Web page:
“I thought the ADA mandates a minimum 70% contrast level for signage, but I don’t see this percentage noted in the new ADA standards. Where is it?”
This is a great question because it represents a common misconception regarding ADA signage guidelines. In fact, following is the exact verbiage from the 2010 ADA Standards for Accessible Design pertaining to signage contrast:
“Characters and their background shall have a non-glare finish.”
“Characters shall contrast with their background with either light characters on a dark background or dark characters on a light background.”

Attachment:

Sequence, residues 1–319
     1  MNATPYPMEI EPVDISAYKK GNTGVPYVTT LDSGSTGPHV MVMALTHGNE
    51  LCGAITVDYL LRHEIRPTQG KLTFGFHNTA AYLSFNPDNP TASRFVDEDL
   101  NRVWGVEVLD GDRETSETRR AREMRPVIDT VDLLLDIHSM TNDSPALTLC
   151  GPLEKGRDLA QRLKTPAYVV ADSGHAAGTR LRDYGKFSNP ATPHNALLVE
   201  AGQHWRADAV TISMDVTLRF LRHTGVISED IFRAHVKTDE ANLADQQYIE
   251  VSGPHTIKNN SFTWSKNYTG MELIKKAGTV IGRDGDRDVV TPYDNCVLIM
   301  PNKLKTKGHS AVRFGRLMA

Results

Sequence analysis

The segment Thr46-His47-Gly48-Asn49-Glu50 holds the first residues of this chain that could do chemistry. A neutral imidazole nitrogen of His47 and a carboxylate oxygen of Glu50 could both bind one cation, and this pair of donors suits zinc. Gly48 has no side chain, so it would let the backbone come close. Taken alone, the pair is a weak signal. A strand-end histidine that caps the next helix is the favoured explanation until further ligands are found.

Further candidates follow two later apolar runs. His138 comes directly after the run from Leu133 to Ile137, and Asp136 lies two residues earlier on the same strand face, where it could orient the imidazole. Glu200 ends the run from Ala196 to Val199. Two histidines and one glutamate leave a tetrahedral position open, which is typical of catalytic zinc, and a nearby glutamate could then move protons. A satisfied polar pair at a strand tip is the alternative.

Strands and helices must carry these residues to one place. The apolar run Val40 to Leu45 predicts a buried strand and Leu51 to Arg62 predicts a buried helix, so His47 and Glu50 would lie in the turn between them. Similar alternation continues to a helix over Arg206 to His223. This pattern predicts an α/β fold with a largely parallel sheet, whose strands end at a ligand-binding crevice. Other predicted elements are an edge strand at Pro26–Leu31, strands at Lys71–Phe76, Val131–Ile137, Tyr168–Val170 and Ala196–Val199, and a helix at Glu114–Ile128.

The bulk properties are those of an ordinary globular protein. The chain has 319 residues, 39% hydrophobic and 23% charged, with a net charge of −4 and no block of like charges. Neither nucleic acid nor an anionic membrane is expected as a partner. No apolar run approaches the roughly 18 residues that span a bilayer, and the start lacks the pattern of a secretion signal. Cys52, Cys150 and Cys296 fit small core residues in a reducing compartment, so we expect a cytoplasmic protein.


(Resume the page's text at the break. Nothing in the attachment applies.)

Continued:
Even in the “old” 1991 ADA guidelines, 70% minimum contrast was referenced as a recommendation only and not a requirement. To date, we have seen no reference to the 70% recommendation in the “new” 2010 ADA standards; however, per the above contrast guidelines, contrast is still seen as an important consideration in designing and manufacturing ADA signage.
And given that contrast is and will always be a critical ingredient of functional ADA signage, it makes perfect sense to continue applying the quantifiable 70% minimum contrast rule-of-thumb to properly gauge signage contrast. Taking this approach while understanding the contrast requirements in the 2010 ADA standards will help to ensure that sight impaired individuals can effectively read the sign information and comfortably navigate toward their desired destination.